Average household debt continues to rise but the percentage of Canadians who say they are stressed over their current debt load has fallen, according to a new poll.
Almost half -- 46 per cent -- of those surveyed for BMO's annual debt report said the debt they are carrying results in "some stress," but that figure is lower compared with the past two years: 54 per cent in 2014 and 57 per cent in 2013.
The findings come amid rising concerns over a sustained low interest-rate environment that some observers say has lulled many Canadians into thinking they can easily manage their debts but who will be in trouble when rates inevitably rise.
Among other results of the poll, two-thirds of respondents -- 64 per cent -- said they would be stressed if interest rates were to increase by two percentage points.
One-quarter of respondents said they would be "very stressed," according to the survey, published Friday.
Yet 46 per cent of those with debt plan to take on more debt in the coming year.
The majority of those surveyed -- 59 per cent -- said they believe they will pay off their current debt in 5 years or less.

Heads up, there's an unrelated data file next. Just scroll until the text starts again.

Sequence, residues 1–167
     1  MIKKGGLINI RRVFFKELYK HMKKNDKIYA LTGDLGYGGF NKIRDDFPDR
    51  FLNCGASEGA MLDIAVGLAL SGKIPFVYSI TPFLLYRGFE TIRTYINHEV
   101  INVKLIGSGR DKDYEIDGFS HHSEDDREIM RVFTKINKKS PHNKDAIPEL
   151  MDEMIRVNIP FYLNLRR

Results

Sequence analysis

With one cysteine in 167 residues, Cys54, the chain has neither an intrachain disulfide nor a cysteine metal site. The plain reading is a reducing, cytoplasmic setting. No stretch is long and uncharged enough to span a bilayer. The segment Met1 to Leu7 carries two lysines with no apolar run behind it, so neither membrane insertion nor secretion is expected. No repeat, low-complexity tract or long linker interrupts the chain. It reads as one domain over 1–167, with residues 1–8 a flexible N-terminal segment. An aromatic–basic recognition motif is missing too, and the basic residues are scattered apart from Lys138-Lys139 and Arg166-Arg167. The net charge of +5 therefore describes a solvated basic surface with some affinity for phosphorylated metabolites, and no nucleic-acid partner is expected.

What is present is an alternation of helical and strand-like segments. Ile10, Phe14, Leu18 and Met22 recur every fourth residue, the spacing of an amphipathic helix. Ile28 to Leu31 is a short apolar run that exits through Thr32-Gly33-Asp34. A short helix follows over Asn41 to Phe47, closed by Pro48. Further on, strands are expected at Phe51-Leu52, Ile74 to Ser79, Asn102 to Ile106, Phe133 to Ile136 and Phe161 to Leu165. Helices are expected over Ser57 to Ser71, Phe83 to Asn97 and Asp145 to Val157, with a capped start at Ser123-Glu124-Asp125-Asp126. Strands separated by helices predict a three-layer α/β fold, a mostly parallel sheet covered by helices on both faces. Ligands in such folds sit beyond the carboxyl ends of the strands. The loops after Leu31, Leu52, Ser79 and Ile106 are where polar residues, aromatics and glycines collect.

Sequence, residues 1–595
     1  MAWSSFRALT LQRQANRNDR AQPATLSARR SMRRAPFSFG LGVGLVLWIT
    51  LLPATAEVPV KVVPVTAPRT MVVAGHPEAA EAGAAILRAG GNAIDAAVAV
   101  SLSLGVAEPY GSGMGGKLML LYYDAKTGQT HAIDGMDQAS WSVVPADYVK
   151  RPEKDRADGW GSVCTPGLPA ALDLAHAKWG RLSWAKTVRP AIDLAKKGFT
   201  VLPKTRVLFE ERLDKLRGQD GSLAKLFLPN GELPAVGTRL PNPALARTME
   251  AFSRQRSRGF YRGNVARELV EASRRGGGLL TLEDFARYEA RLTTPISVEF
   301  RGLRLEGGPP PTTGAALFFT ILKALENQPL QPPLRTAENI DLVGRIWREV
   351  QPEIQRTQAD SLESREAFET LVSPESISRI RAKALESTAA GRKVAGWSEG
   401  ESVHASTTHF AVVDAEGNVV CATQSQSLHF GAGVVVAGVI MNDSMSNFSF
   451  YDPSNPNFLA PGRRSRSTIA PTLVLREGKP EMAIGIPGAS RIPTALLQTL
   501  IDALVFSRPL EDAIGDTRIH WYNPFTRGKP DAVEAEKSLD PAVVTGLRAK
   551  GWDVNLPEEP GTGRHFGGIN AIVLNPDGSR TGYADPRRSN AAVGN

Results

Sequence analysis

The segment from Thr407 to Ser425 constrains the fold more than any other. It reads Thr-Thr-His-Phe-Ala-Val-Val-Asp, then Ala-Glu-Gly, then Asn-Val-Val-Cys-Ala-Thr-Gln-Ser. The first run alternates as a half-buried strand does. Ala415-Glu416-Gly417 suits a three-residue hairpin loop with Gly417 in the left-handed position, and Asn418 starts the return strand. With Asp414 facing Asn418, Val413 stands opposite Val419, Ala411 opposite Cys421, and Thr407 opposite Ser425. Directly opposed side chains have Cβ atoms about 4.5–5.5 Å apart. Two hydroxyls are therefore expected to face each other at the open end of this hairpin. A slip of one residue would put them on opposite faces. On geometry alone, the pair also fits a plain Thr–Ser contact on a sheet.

"The sizable number of indebted households that would feel very strained by a relatively moderate increase in interest rates is concerning," BMO Capital Markets senior economist Sal Guatieri said.
"Interest rates have been hovering around historic lows over the past few years, so many Canadians may have become more comfortable over time with managing their debt," BMO Bank of Montreal head of everyday banking Christine Canning said.
"That said, rates will inevitably rise to normal levels, so it's becoming increasingly important that Canadians stress-test their ability to afford the debt they currently have so they can effectively manage their finances in a higher rate environment."
Canadians are now hefting an average of $92,000 in debt and paying $1,165 in monthly debt servicing costs, according to the survey. That's "trending slightly above the four year average" of $88,303 dating back to 2012 when the polling began.
The survey is based on interviews with an online sample of 1,001 Canadians conducted between June 19 and June 22. The margin of error for a sample of this size is plus or minus 3.1 per cent, 19 times out of 20.